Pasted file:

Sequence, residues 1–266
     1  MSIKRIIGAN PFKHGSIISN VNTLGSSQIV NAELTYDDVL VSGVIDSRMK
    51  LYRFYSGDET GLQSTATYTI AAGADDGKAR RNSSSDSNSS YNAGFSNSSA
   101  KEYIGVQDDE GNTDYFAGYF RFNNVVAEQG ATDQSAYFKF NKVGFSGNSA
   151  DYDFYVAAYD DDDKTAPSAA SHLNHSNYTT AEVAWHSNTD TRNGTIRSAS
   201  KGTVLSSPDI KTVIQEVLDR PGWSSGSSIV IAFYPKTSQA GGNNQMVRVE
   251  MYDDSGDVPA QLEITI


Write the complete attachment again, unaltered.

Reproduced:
Sequence, residues 1–266
     1  MSIKRIIGAN PFKHGSIISN VNTLGSSQIV NAELTYDDVL VSGVIDSRMK
    51  LYRFYSGDET GLQSTATYTI AAGADDGKAR RNSSSDSNSS YNAGFSNSSA
   101  KEYIGVQDDE GNTDYFAGYF RFNNVVAEQG ATDQSAYFKF NKVGFSGNSA
   151  DYDFYVAAYD DDDKTAPSAA SHLNHSNYTT AEVAWHSNTD TRNGTIRSAS
   201  KGTVLSSPDI KTVIQEVLDR PGWSSGSSIV IAFYPKTSQA GGNNQMVRVE
   251  MYDDSGDVPA QLEITI